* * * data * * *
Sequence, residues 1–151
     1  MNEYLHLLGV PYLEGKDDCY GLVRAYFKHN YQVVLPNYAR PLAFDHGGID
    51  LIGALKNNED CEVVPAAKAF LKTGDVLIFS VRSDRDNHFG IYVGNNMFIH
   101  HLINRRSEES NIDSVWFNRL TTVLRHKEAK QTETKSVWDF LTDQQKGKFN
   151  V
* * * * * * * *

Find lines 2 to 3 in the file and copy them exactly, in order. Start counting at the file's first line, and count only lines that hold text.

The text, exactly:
     1  MNEYLHLLGV PYLEGKDDCY GLVRAYFKHN YQVVLPNYAR PLAFDHGGID
    51  LIGALKNNED CEVVPAAKAF LKTGDVLIFS VRSDRDNHFG IYVGNNMFIH